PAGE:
Adam Sandler’s Getting Serious Oscar Buzz for ‘Uncut Gems.’ Is He Really a Good Actor?
The comedian is earning raves for his turn as a wacky jeweler in the Safdies’ “Uncut Gems.” But is he really any good at drama? Cassie da Costa breaks down the Sandman’s skills.
Adam Sandler’s best work as an actor has been in comedies: Punch-Drunk Love, Funny People, Meyerowitz Stories (New and Selected), and, now, the upcoming Uncut Gems. But it’s not just genre that sets these films apart from the rest of his filmography.
It’s that these films are made by auteurs—Paul Thomas Anderson, Judd Apatow, Noah Baumbach, and the Safdie brothers, respectively—who are not simply telling stories, but crafting productions that teem with their perspectives, not only with the screenplay and direction, but also editing, music, costuming, casting, and cinematography.
When Sandler is directed by people who not only have a strong sense of what’s funny but have imbued each of their films with a carefully developed vision, his instincts as a performer find a home. He holds both the comedic and depressive, hopeful and defeated, and passive and aggressive in every look, line, and gesture. This kind of elevation-via-auteur isn’t particular to Sandler: There is, for example, Cedric the Entertainer in Paul Schrader’s First Reformed; Melissa McCarthy in Marielle Heller’s Can You Ever Forgive Me? and Kristen Wiig in Heller’s The Diary of a Teenage Girl; Jim Carrey in Peter Weir’s The Truman Show; and Emma Thompson in Kenneth Branagh’s Shakespeare, Ang Lee’s Sense and Sensibility (which she wrote), and Merchant and Ivory’s E.M. Forster adaptations.
Funny people often make do, either way—they can light up a lackluster script or survive on empty direction. And comedians like Eddie Murphy and Carol Burnett have done some of their most brilliant acting in studio films. But comedians tend to have exceptional range as actors because the ability to make people laugh relies on an affinity with darkness. Sandler, like the actors above, has had the fortune to work with directors who charge their films with their own influence, not just professionally but artistically, which forces him to use his own set of skills like an instrument rather than a hammer. Charlie Chaplin—who in directing, scoring, producing, editing and writing most of the films he starred in exerted immense control over his own finely tuned comedic performances—is perhaps the godfather of this kind of acting.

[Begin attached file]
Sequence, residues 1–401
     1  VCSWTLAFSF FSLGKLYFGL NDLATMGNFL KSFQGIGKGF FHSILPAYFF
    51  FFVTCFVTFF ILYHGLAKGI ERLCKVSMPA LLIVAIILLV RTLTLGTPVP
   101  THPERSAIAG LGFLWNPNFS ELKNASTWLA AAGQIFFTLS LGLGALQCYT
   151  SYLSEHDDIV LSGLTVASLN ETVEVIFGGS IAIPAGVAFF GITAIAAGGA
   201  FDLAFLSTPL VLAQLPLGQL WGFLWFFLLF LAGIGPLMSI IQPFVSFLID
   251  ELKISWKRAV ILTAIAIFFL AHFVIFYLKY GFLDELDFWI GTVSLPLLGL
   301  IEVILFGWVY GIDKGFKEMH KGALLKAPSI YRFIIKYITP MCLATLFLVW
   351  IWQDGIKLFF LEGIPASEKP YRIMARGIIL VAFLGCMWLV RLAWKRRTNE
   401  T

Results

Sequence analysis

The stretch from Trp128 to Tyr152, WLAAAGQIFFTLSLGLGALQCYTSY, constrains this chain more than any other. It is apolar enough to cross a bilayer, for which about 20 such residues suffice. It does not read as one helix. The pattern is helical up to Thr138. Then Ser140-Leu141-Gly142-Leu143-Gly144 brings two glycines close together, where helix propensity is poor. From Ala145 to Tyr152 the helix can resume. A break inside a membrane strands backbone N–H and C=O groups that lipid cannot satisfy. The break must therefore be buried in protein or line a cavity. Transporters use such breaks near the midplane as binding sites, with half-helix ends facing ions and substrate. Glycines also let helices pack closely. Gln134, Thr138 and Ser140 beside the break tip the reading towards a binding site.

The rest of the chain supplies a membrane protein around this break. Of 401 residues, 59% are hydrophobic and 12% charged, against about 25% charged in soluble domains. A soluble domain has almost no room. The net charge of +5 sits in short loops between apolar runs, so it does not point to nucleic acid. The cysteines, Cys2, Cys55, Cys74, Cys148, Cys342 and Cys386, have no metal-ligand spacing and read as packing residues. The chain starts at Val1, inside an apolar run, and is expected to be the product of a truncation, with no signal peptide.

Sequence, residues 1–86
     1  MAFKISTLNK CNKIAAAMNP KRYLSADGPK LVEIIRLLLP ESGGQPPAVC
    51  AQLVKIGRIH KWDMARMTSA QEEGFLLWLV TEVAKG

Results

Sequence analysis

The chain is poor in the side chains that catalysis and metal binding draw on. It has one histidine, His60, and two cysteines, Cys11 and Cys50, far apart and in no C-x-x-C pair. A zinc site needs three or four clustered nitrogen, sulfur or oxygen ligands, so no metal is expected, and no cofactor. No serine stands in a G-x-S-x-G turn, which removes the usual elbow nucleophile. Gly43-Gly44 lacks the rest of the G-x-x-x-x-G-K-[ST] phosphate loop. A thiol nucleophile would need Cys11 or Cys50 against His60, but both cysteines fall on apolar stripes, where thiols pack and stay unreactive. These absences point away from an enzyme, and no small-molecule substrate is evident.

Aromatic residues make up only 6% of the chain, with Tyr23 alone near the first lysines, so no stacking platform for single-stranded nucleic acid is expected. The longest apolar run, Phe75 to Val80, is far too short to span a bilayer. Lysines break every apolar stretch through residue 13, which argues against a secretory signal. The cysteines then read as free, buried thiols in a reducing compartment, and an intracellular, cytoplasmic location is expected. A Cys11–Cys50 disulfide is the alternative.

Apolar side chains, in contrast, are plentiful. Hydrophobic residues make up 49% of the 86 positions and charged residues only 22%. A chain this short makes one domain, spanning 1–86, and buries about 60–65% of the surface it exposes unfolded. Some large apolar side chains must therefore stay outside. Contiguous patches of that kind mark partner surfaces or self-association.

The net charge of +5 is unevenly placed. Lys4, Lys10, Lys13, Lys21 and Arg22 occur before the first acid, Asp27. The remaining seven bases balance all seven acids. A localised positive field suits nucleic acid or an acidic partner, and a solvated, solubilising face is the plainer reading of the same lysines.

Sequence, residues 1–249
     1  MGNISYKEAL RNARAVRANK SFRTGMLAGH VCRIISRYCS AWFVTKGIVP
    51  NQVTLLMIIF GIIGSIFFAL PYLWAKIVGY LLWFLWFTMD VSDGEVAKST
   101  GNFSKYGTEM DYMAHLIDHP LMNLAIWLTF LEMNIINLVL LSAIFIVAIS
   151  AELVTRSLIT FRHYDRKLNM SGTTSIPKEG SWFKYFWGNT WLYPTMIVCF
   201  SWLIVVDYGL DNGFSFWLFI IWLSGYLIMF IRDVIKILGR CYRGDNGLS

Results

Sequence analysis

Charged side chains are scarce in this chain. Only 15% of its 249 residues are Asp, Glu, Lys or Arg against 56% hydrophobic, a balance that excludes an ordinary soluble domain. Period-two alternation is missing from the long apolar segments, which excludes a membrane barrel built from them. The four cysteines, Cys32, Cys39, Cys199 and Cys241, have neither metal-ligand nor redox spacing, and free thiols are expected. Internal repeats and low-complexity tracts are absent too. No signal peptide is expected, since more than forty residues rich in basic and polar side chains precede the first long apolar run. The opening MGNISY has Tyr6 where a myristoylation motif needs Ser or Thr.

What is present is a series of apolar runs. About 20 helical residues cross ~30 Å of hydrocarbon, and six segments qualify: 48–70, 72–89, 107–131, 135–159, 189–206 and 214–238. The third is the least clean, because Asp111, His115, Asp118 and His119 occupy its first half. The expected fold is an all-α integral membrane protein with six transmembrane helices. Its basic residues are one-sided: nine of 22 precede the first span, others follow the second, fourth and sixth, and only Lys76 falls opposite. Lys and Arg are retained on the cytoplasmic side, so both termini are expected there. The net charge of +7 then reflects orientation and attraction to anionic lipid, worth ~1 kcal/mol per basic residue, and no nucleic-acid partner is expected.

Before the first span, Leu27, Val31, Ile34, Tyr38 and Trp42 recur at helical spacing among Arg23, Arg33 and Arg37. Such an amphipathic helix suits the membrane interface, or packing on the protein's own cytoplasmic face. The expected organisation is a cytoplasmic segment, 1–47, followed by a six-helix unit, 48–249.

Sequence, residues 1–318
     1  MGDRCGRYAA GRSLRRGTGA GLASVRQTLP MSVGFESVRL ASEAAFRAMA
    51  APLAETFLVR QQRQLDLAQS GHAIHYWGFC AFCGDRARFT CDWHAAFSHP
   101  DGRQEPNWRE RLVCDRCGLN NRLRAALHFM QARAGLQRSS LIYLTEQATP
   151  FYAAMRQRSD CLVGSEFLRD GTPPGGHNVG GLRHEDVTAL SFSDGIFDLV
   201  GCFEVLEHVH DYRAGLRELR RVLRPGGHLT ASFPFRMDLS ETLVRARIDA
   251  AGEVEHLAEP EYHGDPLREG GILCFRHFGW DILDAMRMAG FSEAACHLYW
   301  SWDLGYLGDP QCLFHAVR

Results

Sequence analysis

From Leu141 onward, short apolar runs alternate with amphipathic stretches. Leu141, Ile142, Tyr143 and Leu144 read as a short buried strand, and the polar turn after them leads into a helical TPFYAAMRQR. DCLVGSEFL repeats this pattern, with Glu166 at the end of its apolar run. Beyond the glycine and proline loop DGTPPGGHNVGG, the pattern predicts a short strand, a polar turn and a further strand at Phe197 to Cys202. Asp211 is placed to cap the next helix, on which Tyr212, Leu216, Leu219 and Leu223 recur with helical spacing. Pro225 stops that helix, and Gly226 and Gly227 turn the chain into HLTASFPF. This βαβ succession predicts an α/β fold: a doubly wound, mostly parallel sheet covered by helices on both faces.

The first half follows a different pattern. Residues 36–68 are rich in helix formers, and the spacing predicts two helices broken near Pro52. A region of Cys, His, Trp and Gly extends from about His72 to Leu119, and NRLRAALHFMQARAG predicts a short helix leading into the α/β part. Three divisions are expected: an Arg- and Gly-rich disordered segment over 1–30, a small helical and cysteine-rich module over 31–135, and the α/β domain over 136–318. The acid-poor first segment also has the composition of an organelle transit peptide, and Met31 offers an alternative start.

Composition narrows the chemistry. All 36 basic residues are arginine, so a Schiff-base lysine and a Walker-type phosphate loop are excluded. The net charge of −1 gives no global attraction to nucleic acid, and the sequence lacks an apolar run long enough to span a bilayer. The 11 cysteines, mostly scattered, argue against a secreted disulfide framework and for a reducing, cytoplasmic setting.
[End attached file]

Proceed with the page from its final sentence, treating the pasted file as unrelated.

In Uncut Gems, Sandler is at the height of his form. Playing Howard Ratner, a severely-addicted gambler and jewelry store owner with a long-suffering wife (the always-great Idina Menzel) and family in Long Island as well as a young girlfriend/sales assistant Julia (excellent newcomer Julia Fox) who he keeps an apartment for in the city, Sandler sublimates the dark-comedic performance. The Safdies, who usually work with the writer and director Ronald Bronstein on their scripts, have developed a cinema of anxiety that emphasizes the absurdity that often goes hand in hand with impulsivity, and the violence that is typically its consequence. They are conveyors of the New York movie, not interested in its grimiest layers as a form of voyeuristic play but out of a kind of lifer’s reverence. The brothers are born and raised New Yorkers, having shuttled between their divorced parents in Queens and Manhattan—their collective vision is as immediately personal as it is imagined.